A simple test of corporate culture

Are we as one? Do managers speak as one? Do staff behave as one? Do we all know what we are doing? In other words how strong is the corporate culture? This is a question that gets asked in organisations when things are going wrong. The policies were clear so how come they weren’t followed? We have spent millions on staff development so how come some people can’t do what’s expected of them? We have invested heavily in new technology so why are we not seeing the benefits?         It’s the job of the chief executive to impose/embed a strong corporate culture, a culture that the board espouse. Naturally the chief executive and board don’t want to wait till a scandal, a disaster or a tragedy exposes a weak corporate culture or highlights a strong unofficial culture. The usual response is to engage some very expensive management consultants who will run a series of focus groups, conduct a few in-depth interviews, ask your partners what they really think of you and produce a lengthy report which will probably confirm that not everyone is on board. Negative comments about budget cuts and the reorganisation are of course to be expected. Useful insights will be limited as managers tend to be careful about what they say if they know it’s being written down and feedback to your boss. What is needed is a simple, quick and cheap test of corporate culture.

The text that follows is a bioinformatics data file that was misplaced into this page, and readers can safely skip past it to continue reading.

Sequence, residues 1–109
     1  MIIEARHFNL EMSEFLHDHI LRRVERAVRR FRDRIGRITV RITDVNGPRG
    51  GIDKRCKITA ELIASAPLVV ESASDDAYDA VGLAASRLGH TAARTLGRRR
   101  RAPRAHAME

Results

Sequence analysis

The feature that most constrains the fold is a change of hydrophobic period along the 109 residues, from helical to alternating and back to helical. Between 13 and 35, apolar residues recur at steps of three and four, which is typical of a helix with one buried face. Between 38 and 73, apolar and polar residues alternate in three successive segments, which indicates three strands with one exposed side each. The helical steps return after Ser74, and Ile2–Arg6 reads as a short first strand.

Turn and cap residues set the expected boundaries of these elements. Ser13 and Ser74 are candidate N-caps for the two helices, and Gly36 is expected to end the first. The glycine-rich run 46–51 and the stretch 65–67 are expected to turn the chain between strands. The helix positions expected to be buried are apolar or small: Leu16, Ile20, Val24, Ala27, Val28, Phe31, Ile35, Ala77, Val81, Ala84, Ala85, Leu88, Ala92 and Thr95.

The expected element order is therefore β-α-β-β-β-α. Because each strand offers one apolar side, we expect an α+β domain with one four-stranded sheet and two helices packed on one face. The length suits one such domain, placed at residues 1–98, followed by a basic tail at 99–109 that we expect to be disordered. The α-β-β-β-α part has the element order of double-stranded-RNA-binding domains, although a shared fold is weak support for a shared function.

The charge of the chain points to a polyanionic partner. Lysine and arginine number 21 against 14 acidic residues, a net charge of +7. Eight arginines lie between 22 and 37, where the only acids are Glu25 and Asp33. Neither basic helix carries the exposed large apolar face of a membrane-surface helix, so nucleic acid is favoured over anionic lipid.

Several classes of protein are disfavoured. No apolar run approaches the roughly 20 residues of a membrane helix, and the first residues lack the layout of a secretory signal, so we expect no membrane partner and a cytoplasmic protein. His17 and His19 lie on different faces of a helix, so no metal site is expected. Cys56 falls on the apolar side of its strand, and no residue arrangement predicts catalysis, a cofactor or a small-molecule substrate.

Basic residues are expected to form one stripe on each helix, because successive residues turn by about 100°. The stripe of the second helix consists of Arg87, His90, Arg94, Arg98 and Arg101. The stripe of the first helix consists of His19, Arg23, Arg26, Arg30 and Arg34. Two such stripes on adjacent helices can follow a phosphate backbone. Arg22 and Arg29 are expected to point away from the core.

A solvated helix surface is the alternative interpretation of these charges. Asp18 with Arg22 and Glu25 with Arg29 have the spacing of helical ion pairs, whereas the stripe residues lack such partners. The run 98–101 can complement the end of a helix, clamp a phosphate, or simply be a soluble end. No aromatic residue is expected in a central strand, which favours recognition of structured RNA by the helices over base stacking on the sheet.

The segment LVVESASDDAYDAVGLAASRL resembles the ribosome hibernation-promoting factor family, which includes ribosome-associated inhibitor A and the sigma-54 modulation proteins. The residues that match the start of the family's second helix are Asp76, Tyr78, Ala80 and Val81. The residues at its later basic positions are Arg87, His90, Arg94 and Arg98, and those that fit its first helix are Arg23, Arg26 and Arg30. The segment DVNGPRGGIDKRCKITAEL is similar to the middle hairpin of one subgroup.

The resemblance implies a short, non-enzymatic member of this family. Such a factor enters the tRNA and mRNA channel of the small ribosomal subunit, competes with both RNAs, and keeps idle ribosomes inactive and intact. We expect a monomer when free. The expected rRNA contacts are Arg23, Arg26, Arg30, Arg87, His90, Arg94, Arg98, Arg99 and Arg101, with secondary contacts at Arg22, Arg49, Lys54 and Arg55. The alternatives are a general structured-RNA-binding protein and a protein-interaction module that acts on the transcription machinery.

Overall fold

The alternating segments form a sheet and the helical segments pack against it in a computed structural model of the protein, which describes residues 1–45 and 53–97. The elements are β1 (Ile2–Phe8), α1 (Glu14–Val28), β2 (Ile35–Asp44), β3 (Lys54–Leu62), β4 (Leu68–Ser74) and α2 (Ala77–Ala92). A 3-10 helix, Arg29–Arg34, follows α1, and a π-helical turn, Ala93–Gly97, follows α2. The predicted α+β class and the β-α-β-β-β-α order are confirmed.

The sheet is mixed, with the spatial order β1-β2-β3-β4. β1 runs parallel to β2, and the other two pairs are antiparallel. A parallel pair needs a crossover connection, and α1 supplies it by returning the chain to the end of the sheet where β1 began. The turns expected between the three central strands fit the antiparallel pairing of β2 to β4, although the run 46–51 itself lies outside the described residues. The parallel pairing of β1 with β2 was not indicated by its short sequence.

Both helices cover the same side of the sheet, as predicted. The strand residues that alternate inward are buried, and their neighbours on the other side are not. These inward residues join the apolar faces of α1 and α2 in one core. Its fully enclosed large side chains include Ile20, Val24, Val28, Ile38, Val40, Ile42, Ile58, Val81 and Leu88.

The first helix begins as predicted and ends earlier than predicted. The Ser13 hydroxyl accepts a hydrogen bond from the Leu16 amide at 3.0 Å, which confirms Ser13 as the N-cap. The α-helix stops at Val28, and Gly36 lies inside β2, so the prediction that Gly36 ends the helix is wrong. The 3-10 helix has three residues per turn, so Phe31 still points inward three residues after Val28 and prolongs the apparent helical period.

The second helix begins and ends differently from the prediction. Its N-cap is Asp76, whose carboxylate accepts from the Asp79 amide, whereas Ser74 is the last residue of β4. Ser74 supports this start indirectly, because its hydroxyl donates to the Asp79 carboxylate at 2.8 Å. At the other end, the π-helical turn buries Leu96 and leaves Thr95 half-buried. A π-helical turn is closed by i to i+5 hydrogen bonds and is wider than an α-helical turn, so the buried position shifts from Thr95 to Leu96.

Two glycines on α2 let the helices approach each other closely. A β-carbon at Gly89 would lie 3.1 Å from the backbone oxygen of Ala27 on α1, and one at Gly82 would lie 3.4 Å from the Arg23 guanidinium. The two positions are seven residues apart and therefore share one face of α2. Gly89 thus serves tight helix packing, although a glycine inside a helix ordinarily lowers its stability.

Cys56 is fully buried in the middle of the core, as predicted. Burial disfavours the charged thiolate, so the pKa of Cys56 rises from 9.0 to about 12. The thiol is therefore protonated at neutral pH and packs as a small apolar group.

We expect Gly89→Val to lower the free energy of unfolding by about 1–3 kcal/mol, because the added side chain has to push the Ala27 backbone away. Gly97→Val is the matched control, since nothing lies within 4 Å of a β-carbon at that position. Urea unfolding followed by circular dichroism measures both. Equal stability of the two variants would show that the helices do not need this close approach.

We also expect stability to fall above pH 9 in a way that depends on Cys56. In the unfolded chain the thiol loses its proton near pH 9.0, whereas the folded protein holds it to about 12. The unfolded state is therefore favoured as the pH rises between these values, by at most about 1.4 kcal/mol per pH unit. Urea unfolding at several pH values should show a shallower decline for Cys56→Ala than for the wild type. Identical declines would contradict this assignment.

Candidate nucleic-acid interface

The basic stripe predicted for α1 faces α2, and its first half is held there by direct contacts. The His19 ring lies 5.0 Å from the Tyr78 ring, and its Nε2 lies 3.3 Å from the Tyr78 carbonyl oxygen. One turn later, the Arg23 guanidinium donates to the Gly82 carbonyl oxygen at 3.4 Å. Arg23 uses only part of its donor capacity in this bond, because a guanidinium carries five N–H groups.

You want to know. Do managers lead by example? Are managers effective in instructing staff in what they have to do? Do staff do what they are supposed to do? So what you need is a fire drill!
 When the alarm bell rings do staff immediately file out the building not stopping to collect personal belongings, report to their station, get their name ticked off by the fire marshal and wait uncomplaining despite the weather for the all clear to return? Alternatively when the fire bell rings do people remain at their desk to see if it another false alarm set off by the workmen on the top floor for the third time this week? Do fire officers have to go round the building telling people they must leave whilst people gather their coats, tell the person on the phone to ring them back on their mobile, put their out of office reply on their mail box or juggle with three cups of coffee they were making for colleagues? Out in the car park do they report immediately to their station or spotting a colleague from another section do they take the opportunity to have that word with them. Do they know where they are supposed to report to or do they just wander round asking people should I be with you? Do people start harassing the fire marshal about standing in the cold and wet, is there a move by some to re-enter the building because they have heard it was another false alarm? The fire marshals are struggling to get the cooperation of some individuals, the marshals could do with the support of some senior managers but they apparently left the scene having important meetings to go to elsewhere.
If they won’t do it when it’s a matter of their own life and death........
Blair McPherson author and blogger on management and leadership in the public sector www.blairmcpherson.co.uk

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